Capturing nature at the water’s edge


Mother Nature served as the muse for “Shoreline Symphony,” a 45-piece exhibition currently showing at the Newington-Cropsey Foundation in Hastings-on-Hudson.

Artists from 10 different countries used the sights and sounds of the water’s edge as the inspiration for paintings, sculptures and graphites.

“The ‘Birds in Art’ exhibitions are among our most popular and well attended,” said Anthony Speiser, the foundation’s director. “Art lovers, nature lovers, and of course bird lovers, are enthralled with the artwork on display.”

The collection evokes the spirit of the Hudson River School artists, a 19th century group of landscape painters greatly influenced by romanticism, Speiser said. Most of the displayed pieces were created in the late 20th century, with some completed as early as the beginning of the 1980s.

Perhaps one of the most notable works is Scottish artist John Busby’s “Two Avocets,” which are long-legged waders found mostly in shallow waters. Busby, who died in 2015, is perhaps best known for his book “Drawing Birds,” which discusses not only how to draw, but also provides detailed sketches of the winged animals.

“I studied this particular bird in full breeding plumage as he moved from one intriguing spot to another,” wrote painter Mary Louise O’Sullivan of her work. Her “Tricolor Heron” is an oil-on-linen, capturing the long-legged and freshwater bird standing on a rock in the middle of the water.

“Each location posed challenges, especially in how to interweave the objects above and below the surface of the water,” wrote O’Sullivan. “In the end, the painting was a play on complementary colors: golds and blues.”

Some of the other featured artists include Ken Carlson, Ewoud de Groot and James Morgan, who provide their perspective of the landscape, greenery along the shoreline, and an assortment of birds enjoying the waters. Artists are from countries like Belgium, South Africa and New Zealand.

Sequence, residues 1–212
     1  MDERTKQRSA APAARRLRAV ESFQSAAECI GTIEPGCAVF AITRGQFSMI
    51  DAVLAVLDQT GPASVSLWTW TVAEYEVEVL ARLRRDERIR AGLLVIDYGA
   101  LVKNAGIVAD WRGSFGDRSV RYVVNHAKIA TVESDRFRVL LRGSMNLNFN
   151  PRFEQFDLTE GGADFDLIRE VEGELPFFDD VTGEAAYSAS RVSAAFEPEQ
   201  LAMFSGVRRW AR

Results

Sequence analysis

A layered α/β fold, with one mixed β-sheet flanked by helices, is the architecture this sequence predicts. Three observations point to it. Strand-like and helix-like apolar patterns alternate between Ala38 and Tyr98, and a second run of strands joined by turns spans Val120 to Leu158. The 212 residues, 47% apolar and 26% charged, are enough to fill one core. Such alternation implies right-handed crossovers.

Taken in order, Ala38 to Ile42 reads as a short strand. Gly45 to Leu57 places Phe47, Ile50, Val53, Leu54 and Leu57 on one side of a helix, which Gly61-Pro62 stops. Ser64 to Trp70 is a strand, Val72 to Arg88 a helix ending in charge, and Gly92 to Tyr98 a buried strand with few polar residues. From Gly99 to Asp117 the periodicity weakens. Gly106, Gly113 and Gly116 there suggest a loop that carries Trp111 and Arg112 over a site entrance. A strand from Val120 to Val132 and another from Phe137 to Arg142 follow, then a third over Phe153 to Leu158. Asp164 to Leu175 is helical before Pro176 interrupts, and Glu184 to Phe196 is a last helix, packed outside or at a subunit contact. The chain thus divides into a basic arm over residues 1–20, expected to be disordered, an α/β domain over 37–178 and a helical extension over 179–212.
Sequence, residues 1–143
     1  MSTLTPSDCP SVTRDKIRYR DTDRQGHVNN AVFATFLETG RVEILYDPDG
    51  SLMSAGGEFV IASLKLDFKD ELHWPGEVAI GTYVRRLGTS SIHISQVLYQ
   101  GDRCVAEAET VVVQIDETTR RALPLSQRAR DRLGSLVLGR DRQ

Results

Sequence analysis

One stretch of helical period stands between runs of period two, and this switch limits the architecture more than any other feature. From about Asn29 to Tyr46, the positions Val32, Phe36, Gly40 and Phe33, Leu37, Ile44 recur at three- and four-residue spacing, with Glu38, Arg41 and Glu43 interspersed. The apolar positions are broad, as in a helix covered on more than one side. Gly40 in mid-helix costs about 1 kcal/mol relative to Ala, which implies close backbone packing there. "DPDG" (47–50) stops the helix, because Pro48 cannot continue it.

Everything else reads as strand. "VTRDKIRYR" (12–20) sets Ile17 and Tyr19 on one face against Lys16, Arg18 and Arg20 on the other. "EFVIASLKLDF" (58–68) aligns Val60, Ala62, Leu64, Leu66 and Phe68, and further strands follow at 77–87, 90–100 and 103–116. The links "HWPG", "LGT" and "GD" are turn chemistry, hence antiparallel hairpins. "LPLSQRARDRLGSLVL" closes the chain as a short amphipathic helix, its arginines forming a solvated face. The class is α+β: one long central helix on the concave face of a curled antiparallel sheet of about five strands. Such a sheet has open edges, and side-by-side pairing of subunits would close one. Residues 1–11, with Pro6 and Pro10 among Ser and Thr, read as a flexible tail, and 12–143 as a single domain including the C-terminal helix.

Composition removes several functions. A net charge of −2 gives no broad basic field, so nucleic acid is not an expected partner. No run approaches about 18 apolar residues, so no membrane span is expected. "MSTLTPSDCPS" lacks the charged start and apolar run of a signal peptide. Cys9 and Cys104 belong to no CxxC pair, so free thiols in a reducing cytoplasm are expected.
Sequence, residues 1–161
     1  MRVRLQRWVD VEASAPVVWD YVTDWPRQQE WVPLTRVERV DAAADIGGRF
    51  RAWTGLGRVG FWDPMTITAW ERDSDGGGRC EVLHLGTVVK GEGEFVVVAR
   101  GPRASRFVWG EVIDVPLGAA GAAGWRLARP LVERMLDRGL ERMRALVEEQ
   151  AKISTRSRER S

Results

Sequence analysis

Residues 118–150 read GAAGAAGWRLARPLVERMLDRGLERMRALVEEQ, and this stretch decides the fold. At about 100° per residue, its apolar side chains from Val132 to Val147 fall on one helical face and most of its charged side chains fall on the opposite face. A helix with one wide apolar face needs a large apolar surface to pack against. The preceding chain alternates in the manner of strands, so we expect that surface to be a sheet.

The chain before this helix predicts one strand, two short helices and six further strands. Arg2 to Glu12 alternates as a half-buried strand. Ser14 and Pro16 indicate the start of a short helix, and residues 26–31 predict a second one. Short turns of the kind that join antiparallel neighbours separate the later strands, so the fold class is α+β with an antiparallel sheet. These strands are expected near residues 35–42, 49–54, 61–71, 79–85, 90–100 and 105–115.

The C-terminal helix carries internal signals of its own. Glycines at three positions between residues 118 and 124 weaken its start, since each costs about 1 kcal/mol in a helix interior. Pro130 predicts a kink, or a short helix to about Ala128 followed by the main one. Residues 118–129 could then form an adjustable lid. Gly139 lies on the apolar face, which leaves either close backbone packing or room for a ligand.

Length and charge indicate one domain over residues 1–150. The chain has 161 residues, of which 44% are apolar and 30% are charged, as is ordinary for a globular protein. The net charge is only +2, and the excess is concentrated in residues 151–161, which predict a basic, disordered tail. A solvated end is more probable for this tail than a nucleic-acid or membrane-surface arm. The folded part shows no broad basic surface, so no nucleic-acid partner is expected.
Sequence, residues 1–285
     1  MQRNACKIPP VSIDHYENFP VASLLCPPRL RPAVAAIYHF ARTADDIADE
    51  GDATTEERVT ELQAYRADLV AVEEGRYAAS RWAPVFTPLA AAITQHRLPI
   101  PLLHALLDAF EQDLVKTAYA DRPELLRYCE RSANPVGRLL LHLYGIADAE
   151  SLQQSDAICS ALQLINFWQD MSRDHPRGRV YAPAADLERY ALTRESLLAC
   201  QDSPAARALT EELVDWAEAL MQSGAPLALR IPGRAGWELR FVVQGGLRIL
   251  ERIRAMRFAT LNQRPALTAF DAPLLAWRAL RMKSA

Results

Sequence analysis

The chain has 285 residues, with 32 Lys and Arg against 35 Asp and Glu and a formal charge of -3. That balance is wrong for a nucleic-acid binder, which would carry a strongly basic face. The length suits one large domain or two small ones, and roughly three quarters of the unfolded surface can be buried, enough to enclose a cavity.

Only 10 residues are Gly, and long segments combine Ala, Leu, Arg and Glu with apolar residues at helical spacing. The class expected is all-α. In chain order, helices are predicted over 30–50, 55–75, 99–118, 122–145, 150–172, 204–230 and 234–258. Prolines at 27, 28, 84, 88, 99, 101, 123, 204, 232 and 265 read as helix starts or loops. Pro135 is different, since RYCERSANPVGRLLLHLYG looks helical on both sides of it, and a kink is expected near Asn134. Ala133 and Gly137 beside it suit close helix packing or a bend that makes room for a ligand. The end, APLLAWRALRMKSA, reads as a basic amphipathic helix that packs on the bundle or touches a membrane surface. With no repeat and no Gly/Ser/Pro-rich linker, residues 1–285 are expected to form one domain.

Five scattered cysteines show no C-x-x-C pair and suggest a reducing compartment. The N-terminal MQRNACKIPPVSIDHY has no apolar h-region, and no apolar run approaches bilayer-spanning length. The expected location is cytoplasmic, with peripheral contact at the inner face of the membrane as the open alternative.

The pieces, Speiser said, convey the feel of the Hudson River School artists who wanted to paint nature and all its beauty realistically.

While the exhibition does show a number of paintings, one of Speiser’s favorite items is a sculpture of a falcon.

“It appears to be bronze, but is actually a carved wood sculpture,” he said. “Generally I prefer paintings to sculpture, mostly because I relate more to them, and also because I am intrigued by the use of color, which is minimized in sculpture. But this piece is so unique and striking, it always draws me to it.”

The Woodson Museum of Art in Wisconsin organized the exhibition, which is currently on loan to Newington-Cropsey.

Founded in 1977, Newington-Cropsey was created with the goal of preserving and displaying the works of Hudson River School artist Jasper F. Cropsey. The foundation added the art gallery building in 1994 to show more of Cropsey’s paintings and writings, and provide space for traveling exhibitions, according to its website.

Cropsey, who died in 1900, was one of the leading names of the Hudson River School art movement. He is perhaps best known for his painting “Autumn on the Hudson,” which hangs in the National Gallery of Art in Washington, D.C.

Cropsey was considered a prodigy in his work with the visual arts. He won awards for his drawing and model house building — when he was just 13. At 19, he experimented with oil paintings, according to the foundation’s website.

“Shoreline Symphony” runs until July 28, and is open to the public.

“To display the works of current artists that are following this (Hudson River School style) credo, is a way to let the public know that there are still classically trained artists working with traditional methods to create beautiful paintings and sculpture,” Speiser said.